Siyanda Mohutsiwa is a satirist, TED speaker, and graduate of the Iowa Writers’ Workshop. She is a Botswana national, known internationally for the coining of the term “Social Panafricanism” – an ideology that encompasses the growing place of social media in the African political landscape. She lives in Iowa City.
Mary Nazareth was born in Tanzania and is of Goan descent. She is in charge of the day-to-day lives of the International Writing Program participants. She assists the Program with practical matters and helps writers with the variety of needs that arise from their adjustment to living in Iowa City. She has been associated with the IWP for over 25 years.
Peter Nazareth, from Uganda of Goan descent, is Adviser to Foreign Writers. He has published several books of fiction and criticism, including the novel In a Brown Mantle. Educated at Makerere University and Leeds, he is Professor of English and African-American World Studies. His course, Literatures of the African Peoples, received the Distinguished Independent Study Course Award from the National University Continuing Education Association. His second novel, The General Is Up, was reprinted by TSAR Books, Toronto. A collection of critical essays on the work of Ngugi is forthcoming. His work has been translated into Hungarian, Polish, Japanese, Korean, Bengali, Hebrew, Arabic, Serbo-Croatian, Portuguese, and Konkani. He teaches a widely-publicized course on Elvis as Anthology at the University of Iowa.
Caitlin Plathe received her BA in English and Creative Writing from the University of Iowa. An alumna of IWP’s Between the Lines program, she has held several assistantship positions at IWP. She is also the author of I Am No Plath, a volume of poems.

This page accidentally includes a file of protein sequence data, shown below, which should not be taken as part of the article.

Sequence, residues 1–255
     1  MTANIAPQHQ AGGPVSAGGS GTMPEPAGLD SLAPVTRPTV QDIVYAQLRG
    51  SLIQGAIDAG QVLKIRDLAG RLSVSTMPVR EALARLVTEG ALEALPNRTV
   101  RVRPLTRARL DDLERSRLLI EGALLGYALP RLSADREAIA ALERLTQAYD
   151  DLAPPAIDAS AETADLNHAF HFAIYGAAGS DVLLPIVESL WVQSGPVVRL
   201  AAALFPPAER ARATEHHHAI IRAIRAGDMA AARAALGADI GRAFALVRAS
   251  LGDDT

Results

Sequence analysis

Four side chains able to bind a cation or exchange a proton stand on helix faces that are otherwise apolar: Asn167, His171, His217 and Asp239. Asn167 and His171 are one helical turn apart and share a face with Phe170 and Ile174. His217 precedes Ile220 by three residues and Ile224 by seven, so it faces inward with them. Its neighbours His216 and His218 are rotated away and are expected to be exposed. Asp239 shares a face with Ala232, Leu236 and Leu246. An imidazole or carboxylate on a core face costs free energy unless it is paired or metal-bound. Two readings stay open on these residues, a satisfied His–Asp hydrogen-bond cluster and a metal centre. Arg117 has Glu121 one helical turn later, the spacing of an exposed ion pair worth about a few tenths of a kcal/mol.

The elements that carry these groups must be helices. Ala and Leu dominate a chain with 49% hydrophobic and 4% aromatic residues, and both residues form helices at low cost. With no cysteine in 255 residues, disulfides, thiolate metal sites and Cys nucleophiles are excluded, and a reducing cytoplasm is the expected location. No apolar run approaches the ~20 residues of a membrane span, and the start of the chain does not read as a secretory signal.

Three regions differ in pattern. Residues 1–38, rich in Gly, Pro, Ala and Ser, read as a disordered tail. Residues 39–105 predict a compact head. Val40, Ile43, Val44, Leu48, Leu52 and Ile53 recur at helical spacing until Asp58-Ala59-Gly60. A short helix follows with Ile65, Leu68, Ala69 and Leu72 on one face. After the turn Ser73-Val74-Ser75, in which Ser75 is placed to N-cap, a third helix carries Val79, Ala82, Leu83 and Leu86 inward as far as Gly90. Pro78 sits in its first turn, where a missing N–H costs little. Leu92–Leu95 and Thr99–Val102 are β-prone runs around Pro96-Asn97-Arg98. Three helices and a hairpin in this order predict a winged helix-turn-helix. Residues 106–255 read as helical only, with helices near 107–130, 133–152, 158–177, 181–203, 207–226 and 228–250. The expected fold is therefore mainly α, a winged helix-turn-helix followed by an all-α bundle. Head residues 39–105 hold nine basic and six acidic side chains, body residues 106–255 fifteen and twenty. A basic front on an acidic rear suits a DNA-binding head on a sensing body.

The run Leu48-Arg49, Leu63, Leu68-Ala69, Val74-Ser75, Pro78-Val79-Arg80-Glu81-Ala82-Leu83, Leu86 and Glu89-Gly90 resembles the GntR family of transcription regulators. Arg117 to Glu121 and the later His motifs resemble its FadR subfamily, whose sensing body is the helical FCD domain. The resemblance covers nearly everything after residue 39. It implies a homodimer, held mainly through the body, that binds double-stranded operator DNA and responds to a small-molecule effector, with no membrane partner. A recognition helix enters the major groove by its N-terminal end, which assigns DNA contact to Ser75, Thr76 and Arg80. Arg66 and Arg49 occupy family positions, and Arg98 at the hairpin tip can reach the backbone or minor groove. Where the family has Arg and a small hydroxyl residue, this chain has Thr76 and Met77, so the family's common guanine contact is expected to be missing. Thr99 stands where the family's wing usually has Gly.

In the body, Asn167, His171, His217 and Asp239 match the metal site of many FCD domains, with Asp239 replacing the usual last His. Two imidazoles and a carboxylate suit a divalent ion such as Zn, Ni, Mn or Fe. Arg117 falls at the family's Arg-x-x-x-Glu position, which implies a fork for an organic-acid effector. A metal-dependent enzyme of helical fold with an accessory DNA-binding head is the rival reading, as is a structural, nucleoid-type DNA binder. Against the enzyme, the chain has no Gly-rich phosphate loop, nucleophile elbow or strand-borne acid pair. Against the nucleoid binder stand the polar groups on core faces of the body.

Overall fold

Saunia Powell studied theatre at Grinnell College and did graduate work in Theology and Critical Theory at UC-Berkeley. She has taught English as a foreign language in China and California, and administered international service fellowships and global social innovator awards on behalf of Grinnell. She moonlights as a weekend on-call chaplain at Mercy Hospital and in her spare time directs community theatre in Iowa City and Cedar Rapids.
Katie Prout received her BA from Kalamazoo College and her MFA from the University of Iowa’s Nonfiction Writing Program. Before coming to the IWP, she taught creative writing at the University of Iowa, where she also served as a teaching assistant in the Gender, Women’s, and Sexuality Studies Department. Her writing has appeared in Longreads, Lithub, and other publications; in 2017, her chapbook Liner Notes was published with Ghost City Press.